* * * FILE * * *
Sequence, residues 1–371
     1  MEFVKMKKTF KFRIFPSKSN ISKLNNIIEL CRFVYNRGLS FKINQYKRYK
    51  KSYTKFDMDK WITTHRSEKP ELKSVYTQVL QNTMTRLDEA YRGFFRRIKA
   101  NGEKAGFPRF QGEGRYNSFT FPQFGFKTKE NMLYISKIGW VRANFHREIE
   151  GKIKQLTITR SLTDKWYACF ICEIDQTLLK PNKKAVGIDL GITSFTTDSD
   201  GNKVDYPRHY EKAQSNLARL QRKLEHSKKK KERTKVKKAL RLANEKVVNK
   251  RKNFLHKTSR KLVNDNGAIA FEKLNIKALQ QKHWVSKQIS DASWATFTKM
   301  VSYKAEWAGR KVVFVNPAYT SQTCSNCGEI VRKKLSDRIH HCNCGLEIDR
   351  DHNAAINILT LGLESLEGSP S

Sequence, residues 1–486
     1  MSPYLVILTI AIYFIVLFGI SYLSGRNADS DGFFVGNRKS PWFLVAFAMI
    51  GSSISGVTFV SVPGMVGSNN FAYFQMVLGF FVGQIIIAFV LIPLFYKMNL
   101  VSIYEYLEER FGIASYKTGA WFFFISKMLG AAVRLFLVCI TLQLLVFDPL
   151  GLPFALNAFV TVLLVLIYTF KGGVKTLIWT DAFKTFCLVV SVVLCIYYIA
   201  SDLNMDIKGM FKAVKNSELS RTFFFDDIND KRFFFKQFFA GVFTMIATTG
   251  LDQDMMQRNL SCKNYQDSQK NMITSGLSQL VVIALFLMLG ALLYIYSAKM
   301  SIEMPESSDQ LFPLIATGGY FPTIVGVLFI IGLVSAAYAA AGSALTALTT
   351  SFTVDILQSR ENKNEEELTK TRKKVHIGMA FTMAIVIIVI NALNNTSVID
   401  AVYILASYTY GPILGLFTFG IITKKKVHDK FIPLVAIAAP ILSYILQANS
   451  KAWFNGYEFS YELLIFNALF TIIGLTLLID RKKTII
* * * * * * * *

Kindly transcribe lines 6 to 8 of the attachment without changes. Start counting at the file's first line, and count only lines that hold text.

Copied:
   201  GNKVDYPRHY EKAQSNLARL QRKLEHSKKK KERTKVKKAL RLANEKVVNK
   251  RKNFLHKTSR KLVNDNGAIA FEKLNIKALQ QKHWVSKQIS DASWATFTKM
   301  VSYKAEWAGR KVVFVNPAYT SQTCSNCGEI VRKKLSDRIH HCNCGLEIDR